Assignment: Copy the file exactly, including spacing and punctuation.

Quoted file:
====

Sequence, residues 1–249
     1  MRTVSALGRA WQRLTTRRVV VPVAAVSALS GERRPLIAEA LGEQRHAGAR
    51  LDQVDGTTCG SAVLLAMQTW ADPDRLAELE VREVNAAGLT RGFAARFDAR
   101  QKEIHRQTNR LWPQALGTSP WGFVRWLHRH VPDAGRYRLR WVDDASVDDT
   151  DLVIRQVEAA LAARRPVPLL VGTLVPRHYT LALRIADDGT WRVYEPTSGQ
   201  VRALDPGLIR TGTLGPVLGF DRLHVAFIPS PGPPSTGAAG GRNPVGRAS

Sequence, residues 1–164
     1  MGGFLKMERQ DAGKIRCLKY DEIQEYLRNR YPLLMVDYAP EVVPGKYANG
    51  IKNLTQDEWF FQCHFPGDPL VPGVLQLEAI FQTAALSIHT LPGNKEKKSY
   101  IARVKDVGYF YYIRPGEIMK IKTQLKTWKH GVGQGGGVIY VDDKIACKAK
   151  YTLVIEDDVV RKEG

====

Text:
Sequence, residues 1–249
     1  MRTVSALGRA WQRLTTRRVV VPVAAVSALS GERRPLIAEA LGEQRHAGAR
    51  LDQVDGTTCG SAVLLAMQTW ADPDRLAELE VREVNAAGLT RGFAARFDAR
   101  QKEIHRQTNR LWPQALGTSP WGFVRWLHRH VPDAGRYRLR WVDDASVDDT
   151  DLVIRQVEAA LAARRPVPLL VGTLVPRHYT LALRIADDGT WRVYEPTSGQ
   201  VRALDPGLIR TGTLGPVLGF DRLHVAFIPS PGPPSTGAAG GRNPVGRAS

Sequence, residues 1–164
     1  MGGFLKMERQ DAGKIRCLKY DEIQEYLRNR YPLLMVDYAP EVVPGKYANG
    51  IKNLTQDEWF FQCHFPGDPL VPGVLQLEAI FQTAALSIHT LPGNKEKKSY
   101  IARVKDVGYF YYIRPGEIMK IKTQLKTWKH GVGQGGGVIY VDDKIACKAK
   151  YTLVIEDDVV RKEG